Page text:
Is It Time To Rethink Borderline Personality Disorder?

Published on July 13th, 2021

Updated on January 4th, 2024

Is It Time To Rethink Borderline Personality Disorder?

The label borderline personality disorder emerged in the 1930s. It was used to identify people who seemed to be halfway between psychosis and neurosis. 

Neurosis was viewed as the treatable distress that accompanies most mental health disorders. 

Psychosis was viewed as an untreatable severe mental illness. It is typically associated with delusions, hallucinations, and deficits in functioning and processing.

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About Borderline Personality Disorder

Borderline personality disorder was used to label the individuals between neurosis and psychosis. The Diagnostic and Statistical Manual of Mental Disorders (DSM) has evolved in the past 60+ years.

The condition did not appear in the manual until the 3rd version (DSM-III) in 1980. Thecontroversy of the diagnosis continues as research develops the condition. 

The current DSM5 categorizes borderline personality disorder with the following criteria:

  • Fear of abandonment
  • Impulsivity (such as substance use, sex, and spending)
  • Intense anger outbursts
  • Suicidal ideation/behaviors or self-harm behaviors
  • Unstable relationships
  • Difficulty with self-image
  • Challenges regulating mood

Controversy Of Borderline Personality Disorder

One of the challenges of diagnosing certain mental health disorders is the lack of concrete symptoms. There is a basic understanding of depression. It typically includes sadness, increased sleep, low motivation, irritability, and sometimes, suicidal ideation. However, there is no blood test, X-ray, or any other medical test to prove the diagnosis. 

This is true with most mental health disorders. There are some screenings and psychological tests that can help with diagnosing. However, diagnosing is also based on the provider’s clinical training. A provider must be able to trust their interpretation and rely on their education about diagnosing.

Most mental health professionals are good at recognizing disorders. They are trained to determine the condition and best treatment for the client.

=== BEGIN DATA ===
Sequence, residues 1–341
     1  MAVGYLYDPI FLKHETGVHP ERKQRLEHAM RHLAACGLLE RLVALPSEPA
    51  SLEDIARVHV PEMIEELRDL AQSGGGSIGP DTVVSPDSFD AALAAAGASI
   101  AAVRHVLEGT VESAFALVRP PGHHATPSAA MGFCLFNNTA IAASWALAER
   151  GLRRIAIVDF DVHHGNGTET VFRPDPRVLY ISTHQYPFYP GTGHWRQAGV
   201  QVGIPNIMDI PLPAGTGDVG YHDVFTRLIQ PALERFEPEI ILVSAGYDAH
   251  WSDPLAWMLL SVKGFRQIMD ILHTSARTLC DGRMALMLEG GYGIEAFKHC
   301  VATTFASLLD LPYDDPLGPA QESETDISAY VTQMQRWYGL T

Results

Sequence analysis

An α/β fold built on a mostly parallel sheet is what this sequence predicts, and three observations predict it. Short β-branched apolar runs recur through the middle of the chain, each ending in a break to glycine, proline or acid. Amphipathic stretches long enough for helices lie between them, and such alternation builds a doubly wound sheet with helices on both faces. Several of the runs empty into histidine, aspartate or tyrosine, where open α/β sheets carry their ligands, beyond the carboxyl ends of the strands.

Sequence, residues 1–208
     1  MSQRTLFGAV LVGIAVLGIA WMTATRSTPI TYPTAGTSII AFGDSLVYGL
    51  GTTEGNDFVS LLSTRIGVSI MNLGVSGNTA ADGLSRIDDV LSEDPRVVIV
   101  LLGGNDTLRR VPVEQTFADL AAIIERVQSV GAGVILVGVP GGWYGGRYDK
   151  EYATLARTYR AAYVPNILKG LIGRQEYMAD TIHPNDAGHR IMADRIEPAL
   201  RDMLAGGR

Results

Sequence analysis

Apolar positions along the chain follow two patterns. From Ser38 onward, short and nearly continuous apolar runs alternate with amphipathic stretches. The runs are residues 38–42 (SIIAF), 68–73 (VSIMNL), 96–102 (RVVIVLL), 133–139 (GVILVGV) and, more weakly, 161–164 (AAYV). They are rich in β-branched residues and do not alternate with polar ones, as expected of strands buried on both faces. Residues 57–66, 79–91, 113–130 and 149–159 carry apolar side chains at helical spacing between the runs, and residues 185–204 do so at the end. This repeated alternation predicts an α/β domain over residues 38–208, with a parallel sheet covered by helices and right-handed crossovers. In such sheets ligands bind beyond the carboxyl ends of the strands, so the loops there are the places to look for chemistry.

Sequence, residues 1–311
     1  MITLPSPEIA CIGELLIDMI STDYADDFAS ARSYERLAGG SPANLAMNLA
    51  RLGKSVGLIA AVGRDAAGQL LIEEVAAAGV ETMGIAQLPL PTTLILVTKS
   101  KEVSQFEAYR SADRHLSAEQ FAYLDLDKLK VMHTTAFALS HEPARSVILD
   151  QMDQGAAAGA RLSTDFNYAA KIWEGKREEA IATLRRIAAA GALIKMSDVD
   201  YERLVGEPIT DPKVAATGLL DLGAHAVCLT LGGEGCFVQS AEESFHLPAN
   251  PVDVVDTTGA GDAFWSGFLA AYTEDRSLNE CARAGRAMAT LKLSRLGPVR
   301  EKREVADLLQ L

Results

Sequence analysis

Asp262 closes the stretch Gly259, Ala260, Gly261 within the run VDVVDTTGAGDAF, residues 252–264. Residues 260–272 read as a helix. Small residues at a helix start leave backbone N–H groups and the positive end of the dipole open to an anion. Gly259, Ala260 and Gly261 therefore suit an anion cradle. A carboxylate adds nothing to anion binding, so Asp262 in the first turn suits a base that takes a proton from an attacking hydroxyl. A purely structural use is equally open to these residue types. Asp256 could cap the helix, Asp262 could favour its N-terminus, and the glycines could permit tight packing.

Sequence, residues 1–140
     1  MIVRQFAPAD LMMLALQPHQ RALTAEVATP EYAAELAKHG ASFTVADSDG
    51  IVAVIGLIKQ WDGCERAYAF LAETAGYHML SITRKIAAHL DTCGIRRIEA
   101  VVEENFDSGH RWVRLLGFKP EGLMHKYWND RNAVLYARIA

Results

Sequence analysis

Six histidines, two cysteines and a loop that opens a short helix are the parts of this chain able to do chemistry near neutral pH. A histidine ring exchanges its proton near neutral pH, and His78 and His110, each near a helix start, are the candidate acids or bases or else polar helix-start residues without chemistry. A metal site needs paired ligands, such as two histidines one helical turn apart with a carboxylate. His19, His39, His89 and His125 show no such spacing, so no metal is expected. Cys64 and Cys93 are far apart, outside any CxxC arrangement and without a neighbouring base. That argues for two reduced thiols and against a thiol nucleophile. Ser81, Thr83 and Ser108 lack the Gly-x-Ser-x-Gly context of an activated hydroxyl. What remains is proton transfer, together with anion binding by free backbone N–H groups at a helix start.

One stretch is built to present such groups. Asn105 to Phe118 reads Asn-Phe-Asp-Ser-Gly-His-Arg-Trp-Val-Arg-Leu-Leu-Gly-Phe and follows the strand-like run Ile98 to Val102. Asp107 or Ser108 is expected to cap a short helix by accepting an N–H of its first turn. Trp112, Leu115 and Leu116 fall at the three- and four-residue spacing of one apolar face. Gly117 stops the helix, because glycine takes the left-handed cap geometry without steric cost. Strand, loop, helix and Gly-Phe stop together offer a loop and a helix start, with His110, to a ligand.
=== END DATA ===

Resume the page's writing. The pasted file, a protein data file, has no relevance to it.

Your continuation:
When the diagnostic criteria for a diagnosis are questionable or lack measurability, this is much more difficult. This is the case with BPD.

One of the biggest challenges of diagnosing mental health disorders is the symptom overlap. Many of the criteria of different conditions are similar to each other. BPD has overlapping criteria with other disorders, like posttraumatic stress disorder (PTSD). 

The disorder’s intense and rapidly changing nature also means the criteria do not always fit. This is because the symptoms change with different situations, people, and ages.

The Roots

Another challenge with BPD is the root cause. With most mental health disorders, especially personality disorders, the causes are mostly unknown. There is evidence that the following factors play a part:

There is a high correlation between childhood trauma and personality disorders, especially BPD. People who are diagnosed with personality disorders have a higher rate of past trauma than those who are not. 

Some studies have shown the connection between BPD and early childhood trauma is higher than other disorders.


People with mental health disorders have long been stigmatized and stereotyped. BPD may be one of the most stigmatized disorders, even by mental health professionals. 

People with BPD may be labeled as manipulative, treatment-resistant, and difficult. Some professionals refuse to treat people with BPD at all.

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Rethinking Borderline Personality Disorder

Rethinking the diagnosis and treatment may boost confidence in the recovery process. The focus of treatment is often to reduce unhealthy coping strategies. 

Such unhealthy strategies include impulsive spending or difficulty in relationships. Considering the condition’s pervasive nature, these are merely the symptoms of the deeper problem. 

A combination of the following puts someone who is diagnosed with BPD at a disadvantage:

Learning to cope may be helpful but does not get to the root of the problem. This is like continuing to take aspirin for a headache without seeking medical attention for the source of the headache.

What if the source of BPD is viewed as trauma or insecurity in early life? Instead of focusing on the behaviors that appear to be manipulative and intense, focus on the reason for the behaviors. 

How did the behaviors keep this person safe in the past? Address the trauma and help develop a sense of safety. This can help the person have a better chance of developing healthy coping strategies.

It is challenging to live with BPD, and it is challenging to work with people with BPD at times. Focusing on the underlying issues and not taking the intense responses personally makes it easier to rethink how to help the person.

There is help for people with BPD. This includes dialectical behavioral therapy (DBT) and trauma therapy. While the stigma of BPD may be challenging to face, it is important to continue to reframe the behaviors. Reframe the diagnosis to focus on processing and meeting the unmet needs.

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